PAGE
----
Occupy Geeks Are Building a Facebook for the 99%

Protesters volunteering for the internet and information boards of the Occupy Wall Street protest work and broadcast from their media center in Zuccotti Plaza on Oct. 2, 2011. Photo: Bryan Derballa for Wired.com

“I don’t want to say we’re making our own Facebook. But, we’re making our own Facebook,” said Ed Knutson, a web and mobile app developer who joined a team of activist-geeks redesigning social networking for the era of global protest.

They hope the technology they are developing can go well beyond Occupy Wall Street to help establish more distributed social networks, better online business collaboration and perhaps even add to the long-dreamed-of semantic web — an internet made not of messy text, but one unified by underlying meta-data that computers can easily parse.


The impetus is understandable. Social media helped pull together protesters around the globe in 2010 and 2011. Egyptian dictator Hosni Mubarak so feared Twitter and Facebook that he shut down Egypt’s internet service. A YouTube video posted in the name of Anonymous propelled Occupy Wall Street from an insider meme to national news. And top-trending Twitter hashtags turned Occupy from a ho-hum rally on Sept. 17 into a national and even international movement.

Now it’s time for activists to move beyond other people’s social networks and build their own, according to Knutson.

“We don’t want to trust Facebook with private messages among activists,” he said.

The same thinking applies to Twitter and other social networks — and the reasoning became clear last week, when a Massachusetts district attorney subpoenaed Twitter for information about the account @OccupyBoston and other accounts connected to the Boston movement. (To its credit, Twitter has a policy of giving users the opportunity to contest such orders when possible.)

“Those networks will be perfectly fine — until they are not. And it will be a one-day-to-the-next thing,” said Sam Boyer, an activist turned web developer, turned activist again, who works with the New York City occupation’s tech team.

Gladwell vs. Shirky: A Year Later, Scoring the Debate Over Social-Media Revolutions

Egyptian protesters shout anti-military ruling council slogans at Tahrir Square in Cairo, Egypt, Thursday, Dec. 22, 2011. Egypt’s military-appointed prime minister called for national dialogue to resolve the country’s political crisis and pleaded for a two-month calm to restore security after weeks of protests and bloodshed. Amr Nabil/AP Photo

Now that 2011 is coming to a close, it’s worth looking back at an intellectual argument that played out just as the year was beginning — back before we saw the spread of the Arab Spring, the UK riots, the Occupy movement, and so much else.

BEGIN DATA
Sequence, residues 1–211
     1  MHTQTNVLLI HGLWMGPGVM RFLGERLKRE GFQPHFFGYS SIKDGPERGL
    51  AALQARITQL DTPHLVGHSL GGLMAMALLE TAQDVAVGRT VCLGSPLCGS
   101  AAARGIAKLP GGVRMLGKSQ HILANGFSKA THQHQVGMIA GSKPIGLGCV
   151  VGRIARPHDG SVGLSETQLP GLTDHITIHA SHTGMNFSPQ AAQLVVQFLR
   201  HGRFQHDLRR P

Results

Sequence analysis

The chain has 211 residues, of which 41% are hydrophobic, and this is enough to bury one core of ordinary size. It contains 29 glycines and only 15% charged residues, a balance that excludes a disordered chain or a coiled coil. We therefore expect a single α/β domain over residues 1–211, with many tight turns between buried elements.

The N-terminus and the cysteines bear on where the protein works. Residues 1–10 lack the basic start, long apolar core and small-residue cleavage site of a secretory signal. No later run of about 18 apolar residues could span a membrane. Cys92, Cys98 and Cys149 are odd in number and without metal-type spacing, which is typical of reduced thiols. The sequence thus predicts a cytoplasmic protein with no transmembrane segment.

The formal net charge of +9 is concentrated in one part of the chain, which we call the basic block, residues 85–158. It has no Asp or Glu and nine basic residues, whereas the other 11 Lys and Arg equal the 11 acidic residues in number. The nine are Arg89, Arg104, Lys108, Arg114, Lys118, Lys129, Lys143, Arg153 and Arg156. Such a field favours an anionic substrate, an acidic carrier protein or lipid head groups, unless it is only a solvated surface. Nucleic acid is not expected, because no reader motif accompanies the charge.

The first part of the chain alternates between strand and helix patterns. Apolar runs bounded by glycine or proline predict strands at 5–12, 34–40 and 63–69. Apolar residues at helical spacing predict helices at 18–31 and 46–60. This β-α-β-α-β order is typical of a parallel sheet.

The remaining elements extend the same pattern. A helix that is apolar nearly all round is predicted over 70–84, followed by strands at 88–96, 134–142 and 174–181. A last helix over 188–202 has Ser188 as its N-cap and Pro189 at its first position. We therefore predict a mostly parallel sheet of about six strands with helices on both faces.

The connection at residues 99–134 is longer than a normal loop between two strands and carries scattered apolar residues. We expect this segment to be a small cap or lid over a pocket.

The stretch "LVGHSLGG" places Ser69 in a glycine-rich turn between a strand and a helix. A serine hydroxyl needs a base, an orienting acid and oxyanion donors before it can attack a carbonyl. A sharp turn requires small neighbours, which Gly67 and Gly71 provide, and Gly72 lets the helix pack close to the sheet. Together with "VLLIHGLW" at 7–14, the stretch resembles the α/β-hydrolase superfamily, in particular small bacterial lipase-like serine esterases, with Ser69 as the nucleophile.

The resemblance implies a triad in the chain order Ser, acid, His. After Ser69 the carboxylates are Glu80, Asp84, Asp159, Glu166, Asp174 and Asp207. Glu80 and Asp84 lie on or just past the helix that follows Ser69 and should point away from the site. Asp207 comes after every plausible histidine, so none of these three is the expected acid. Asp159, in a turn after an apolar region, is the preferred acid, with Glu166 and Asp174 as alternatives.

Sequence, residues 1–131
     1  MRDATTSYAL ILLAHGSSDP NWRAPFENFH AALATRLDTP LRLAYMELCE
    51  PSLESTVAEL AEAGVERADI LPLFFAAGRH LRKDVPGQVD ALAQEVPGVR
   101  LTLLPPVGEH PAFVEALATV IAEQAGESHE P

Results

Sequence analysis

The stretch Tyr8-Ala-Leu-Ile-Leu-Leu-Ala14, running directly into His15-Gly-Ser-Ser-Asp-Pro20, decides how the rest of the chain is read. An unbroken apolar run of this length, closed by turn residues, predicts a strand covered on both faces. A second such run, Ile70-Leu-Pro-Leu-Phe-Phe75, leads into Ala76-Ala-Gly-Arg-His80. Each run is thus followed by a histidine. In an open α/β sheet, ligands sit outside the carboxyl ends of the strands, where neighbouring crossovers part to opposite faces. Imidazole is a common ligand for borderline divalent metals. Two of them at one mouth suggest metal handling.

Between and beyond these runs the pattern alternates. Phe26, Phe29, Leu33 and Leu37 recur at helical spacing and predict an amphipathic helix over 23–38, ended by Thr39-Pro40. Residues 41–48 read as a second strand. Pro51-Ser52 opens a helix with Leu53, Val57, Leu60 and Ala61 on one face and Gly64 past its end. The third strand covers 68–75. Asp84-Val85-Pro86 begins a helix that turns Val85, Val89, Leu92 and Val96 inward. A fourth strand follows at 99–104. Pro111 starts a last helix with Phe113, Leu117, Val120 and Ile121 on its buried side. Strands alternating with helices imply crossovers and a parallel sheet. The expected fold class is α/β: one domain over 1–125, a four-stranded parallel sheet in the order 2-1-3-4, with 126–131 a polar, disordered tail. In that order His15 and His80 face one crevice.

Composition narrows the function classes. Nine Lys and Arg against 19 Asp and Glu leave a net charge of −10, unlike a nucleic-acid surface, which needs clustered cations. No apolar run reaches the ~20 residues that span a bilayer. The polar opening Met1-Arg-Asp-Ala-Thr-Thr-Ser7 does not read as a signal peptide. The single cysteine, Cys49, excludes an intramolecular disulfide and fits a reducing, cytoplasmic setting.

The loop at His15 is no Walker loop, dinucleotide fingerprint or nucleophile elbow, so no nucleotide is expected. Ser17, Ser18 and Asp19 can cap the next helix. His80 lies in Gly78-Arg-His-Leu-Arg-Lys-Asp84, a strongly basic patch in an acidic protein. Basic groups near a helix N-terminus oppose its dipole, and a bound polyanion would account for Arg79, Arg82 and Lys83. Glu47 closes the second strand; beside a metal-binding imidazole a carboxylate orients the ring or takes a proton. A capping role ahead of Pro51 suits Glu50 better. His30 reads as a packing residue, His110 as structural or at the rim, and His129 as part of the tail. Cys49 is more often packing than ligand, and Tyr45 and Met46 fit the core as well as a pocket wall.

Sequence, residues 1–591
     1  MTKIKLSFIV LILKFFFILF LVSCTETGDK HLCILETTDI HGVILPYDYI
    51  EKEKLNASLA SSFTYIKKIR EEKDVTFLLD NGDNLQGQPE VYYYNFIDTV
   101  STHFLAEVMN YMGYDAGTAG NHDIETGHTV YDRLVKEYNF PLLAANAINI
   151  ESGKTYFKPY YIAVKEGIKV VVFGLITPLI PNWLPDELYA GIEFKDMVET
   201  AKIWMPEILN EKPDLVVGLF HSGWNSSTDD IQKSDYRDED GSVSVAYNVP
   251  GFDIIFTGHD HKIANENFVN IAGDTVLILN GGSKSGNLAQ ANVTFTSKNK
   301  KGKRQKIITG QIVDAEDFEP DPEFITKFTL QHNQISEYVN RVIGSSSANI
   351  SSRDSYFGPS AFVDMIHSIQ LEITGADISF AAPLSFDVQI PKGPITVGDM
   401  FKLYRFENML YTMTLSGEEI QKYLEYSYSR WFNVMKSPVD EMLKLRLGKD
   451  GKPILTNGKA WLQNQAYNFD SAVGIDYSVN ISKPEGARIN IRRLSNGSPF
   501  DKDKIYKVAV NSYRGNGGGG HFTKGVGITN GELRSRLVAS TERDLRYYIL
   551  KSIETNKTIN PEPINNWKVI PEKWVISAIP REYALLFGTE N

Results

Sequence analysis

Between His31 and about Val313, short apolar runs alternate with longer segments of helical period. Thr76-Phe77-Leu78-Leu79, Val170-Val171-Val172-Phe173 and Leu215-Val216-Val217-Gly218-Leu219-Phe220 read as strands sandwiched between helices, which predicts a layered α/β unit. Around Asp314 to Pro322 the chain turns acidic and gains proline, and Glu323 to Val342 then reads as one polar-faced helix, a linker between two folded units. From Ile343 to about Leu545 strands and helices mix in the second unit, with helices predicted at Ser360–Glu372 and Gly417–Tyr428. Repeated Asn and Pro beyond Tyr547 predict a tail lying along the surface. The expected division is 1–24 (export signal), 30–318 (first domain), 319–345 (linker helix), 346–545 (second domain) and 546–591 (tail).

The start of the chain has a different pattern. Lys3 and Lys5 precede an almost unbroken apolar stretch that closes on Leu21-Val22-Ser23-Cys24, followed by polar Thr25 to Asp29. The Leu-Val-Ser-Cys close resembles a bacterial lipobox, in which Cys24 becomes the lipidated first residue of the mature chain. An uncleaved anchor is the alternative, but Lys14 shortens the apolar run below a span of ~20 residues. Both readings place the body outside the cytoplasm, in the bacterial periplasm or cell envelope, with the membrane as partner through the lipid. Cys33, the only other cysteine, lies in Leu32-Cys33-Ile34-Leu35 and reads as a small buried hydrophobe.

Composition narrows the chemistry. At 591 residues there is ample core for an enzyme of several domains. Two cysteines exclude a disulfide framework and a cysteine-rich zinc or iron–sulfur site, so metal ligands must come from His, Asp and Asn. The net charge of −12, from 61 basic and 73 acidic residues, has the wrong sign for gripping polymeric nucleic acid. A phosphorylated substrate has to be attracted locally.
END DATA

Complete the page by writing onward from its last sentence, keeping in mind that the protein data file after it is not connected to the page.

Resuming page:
In one corner was the New Yorker’s Malcolm Gladwell, who argued in an October 2010 piece that the media had oversold Twitter and Facebook as tools for political action. Citing research by Doug McAdam, a Stanford sociologist who studied the biographical patterns in 1960s civil-rights activism, Gladwell emphasized the distinction between “strong-tie” social connections — close, personal relationships of the sort that drew committed activists to protests in the Jim Crow South, despite the risk to their lives — and “weak-tie” ones, the kind of connections you have with acquaintances who might merit your friendship on Facebook, or a follow on Twitter, but not (say) the opportunity to borrow your car. Online social networks, Gladwell argued, were inherently weak-tie affairs, and therefore ill-suited to get people out into the streets.

In the other corner was NYU professor Clay Shirky, whose book Here Comes Everybody had been called out by Gladwell as “the bible of the social-media movement.” Gladwell had pointed to a prominent story in the book about Evan Guttman, a New York banker who helped get his friend’s Sidekick back by shaming the girl who refused to give it up. “A networked, weak-tie world is good at things like helping Wall Streeters get phones back from teen-age girls,” Gladwell had written. “Viva la revolución.”

A couple of months later, Shirky fired back in Foreign Affairs with a long essay [reg. req.] making the case that electronic media had, in fact, played a crucial role in a number of overseas uprisings: the 2001 impeachment of the Philippine president, South Korean protests against U.S. beef in 2008, the 2009 defeat of the Communist government in Moldova. He granted Gladwell’s point that much of what passes for “activism” online is superficial, like campaigns to “like” various causes on Facebook. But, Shirky argued, “the fact that barely committed actors cannot click their way to a better world does not mean that committed actors cannot use social media effectively.”

In the following issue of Foreign Affairs, the two men had a brief exchange of letters that probably serves as the simplest introduction to their warring points of view. Gladwell:

[J]ust because innovations in communications technology happen does not mean that they matter; or, to put it another way, in order for an innovation to make a real difference, it has to solve a problem that was actually a problem in the first place. … [F]or [Shirky’s] argument to be anything close to persuasive, he has to convince readers that in the absence of social media, those uprisings would not have been possible.